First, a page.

That’s the plan some TV advertising executives are mulling. Here are some reasons:
First, TV network production has been virtually shut down, and that includes existing as well as new TV series. For years, new TV shows have been a big promotional tool of TV networks to stir TV marketers into buying a new season’s worth of ad time.
All this has already impacted TV networks' upfront presentations for the coming season, virtually all of which have been cancelled.
Second, many TV marketers are looking at what they can do in the near-term, with plans for just two months, according to Ad Age. This includes re-negotiating some deals made with TV networks, especially on major TV franchises, such as the recently cancelled March Madness event -- the NCAA Men’s Basketball Tournament.
Projections are the TV upfront advertising market -- which takes place June through August, where big brand marketers typically commit to spend around 75% of their yearly TV budget -- could be shifted until the first quarter 2021.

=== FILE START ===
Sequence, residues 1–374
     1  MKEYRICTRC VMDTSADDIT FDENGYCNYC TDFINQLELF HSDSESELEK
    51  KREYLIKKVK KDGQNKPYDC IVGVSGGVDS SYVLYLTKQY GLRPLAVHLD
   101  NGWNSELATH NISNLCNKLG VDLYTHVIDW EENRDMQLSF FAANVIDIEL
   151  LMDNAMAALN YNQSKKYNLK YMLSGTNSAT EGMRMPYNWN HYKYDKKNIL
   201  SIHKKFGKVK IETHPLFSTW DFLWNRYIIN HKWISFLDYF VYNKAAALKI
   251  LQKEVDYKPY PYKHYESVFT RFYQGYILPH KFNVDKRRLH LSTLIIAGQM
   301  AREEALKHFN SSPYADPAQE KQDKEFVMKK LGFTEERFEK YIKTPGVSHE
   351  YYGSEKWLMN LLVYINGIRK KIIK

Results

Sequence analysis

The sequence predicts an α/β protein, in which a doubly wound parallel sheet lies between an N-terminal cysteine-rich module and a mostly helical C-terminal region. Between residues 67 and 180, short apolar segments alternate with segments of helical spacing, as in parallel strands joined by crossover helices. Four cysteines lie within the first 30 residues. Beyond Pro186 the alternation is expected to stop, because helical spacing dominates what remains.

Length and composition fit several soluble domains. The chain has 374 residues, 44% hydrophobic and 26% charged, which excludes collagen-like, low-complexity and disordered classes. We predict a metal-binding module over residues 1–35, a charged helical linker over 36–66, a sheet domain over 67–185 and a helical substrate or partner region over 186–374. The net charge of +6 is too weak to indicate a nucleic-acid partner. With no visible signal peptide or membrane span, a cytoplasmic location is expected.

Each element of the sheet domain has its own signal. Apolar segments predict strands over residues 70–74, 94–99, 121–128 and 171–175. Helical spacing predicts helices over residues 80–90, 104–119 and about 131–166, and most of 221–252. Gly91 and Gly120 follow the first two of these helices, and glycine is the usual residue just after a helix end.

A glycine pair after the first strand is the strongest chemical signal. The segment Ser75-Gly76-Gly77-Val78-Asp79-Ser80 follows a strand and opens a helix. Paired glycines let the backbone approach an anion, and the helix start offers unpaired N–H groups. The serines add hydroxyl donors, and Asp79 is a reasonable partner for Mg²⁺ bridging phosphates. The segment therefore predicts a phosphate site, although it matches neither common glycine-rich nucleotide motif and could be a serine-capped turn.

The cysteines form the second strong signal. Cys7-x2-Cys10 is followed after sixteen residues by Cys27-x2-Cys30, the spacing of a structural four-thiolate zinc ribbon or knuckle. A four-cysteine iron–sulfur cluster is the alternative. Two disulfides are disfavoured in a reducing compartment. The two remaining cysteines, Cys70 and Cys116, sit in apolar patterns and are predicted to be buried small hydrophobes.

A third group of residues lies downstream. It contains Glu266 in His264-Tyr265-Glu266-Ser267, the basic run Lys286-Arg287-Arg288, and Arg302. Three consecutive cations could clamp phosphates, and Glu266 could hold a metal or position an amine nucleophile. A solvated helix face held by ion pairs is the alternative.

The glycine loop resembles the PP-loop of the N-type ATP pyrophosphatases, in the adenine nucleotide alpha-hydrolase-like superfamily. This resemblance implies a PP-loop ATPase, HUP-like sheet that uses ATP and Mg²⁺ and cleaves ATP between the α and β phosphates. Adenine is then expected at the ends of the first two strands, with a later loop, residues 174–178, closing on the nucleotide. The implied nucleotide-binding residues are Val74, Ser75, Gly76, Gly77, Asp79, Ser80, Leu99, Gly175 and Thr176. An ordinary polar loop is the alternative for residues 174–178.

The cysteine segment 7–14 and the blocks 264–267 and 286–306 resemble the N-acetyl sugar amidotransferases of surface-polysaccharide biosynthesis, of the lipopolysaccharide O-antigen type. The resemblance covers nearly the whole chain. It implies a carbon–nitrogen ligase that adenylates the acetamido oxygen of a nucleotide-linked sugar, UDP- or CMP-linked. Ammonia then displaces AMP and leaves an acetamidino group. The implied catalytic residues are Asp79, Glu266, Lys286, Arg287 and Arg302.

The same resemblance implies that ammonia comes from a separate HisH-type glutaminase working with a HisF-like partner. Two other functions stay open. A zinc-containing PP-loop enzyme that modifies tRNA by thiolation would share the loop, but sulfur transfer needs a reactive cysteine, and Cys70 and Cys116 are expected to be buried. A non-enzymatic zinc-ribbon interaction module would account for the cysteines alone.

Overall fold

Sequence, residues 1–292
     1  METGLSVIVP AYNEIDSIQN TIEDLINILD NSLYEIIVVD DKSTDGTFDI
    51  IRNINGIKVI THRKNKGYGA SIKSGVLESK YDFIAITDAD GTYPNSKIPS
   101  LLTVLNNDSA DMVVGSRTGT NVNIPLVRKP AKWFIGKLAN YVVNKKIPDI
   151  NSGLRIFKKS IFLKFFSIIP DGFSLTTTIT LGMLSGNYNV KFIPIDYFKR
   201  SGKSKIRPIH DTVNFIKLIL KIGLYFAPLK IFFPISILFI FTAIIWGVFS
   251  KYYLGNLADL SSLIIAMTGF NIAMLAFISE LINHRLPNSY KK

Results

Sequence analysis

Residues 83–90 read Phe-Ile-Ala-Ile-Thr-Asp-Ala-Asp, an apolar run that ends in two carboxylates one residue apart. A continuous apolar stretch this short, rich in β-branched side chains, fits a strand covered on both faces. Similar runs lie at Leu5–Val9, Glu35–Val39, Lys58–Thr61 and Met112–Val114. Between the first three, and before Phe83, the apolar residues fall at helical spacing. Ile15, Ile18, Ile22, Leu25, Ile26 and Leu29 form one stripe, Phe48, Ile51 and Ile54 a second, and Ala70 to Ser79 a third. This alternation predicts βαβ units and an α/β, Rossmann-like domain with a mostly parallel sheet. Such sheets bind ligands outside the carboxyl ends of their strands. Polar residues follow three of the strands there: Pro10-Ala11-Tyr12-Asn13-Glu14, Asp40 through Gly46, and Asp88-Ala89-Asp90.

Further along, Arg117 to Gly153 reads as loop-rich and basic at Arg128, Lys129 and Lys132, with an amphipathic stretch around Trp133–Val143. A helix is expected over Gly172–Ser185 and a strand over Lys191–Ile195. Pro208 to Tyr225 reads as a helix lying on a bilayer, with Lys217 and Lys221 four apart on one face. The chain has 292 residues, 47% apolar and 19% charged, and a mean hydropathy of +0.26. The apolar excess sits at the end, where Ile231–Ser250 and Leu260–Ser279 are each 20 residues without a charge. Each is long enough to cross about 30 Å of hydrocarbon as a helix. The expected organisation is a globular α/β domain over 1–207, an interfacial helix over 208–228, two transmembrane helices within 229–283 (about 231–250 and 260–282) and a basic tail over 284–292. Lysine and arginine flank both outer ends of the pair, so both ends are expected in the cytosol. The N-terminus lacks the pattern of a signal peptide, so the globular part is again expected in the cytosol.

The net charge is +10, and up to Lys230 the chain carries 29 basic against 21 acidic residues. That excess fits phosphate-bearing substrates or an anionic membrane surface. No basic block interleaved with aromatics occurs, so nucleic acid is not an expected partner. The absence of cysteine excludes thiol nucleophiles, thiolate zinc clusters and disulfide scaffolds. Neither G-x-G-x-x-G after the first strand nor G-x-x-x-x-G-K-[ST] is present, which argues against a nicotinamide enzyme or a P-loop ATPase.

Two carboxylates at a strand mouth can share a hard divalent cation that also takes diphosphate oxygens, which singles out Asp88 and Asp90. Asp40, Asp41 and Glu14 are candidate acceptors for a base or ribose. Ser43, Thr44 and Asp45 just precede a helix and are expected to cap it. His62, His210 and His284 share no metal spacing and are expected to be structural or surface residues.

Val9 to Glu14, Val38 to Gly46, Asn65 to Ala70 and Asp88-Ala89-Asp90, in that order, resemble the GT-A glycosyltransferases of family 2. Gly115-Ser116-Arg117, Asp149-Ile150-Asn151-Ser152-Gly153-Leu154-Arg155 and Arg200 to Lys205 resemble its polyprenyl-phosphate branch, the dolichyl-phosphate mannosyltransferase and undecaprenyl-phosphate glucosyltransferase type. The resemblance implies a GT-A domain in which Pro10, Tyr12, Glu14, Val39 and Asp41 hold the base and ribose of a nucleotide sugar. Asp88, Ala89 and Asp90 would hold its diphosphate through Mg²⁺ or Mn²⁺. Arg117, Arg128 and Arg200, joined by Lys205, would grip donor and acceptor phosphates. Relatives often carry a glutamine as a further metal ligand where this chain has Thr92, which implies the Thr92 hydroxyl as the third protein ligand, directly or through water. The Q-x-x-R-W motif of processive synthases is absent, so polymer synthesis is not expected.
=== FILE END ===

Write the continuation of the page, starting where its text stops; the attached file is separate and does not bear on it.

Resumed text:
That would mean the fourth-quarter 2020 would consist of “scatter” deals, where advertisers might make short-length TV deals for just a 12-week period.
Upfront TV market has been used as a futures market — that is, securing inventory to be aired months ahead at a more favorable price. The sales strategy push here comes as premium TV-rated, wide-reach shows are increasingly more valuable against other media -- even with longtime viewing erosion.
Slow upfront market changes have been fueled by new digital media ad spending, where buying occurs on a near-term or nonstop basis, and where marketers can get immediate business outcome data from their campaigns.
For years, TV big brand marketers and their media agencies have wrestled with the idea of revamping -- or totally ending the upfront market.
Tremendous current economic and media disruption could make that happen.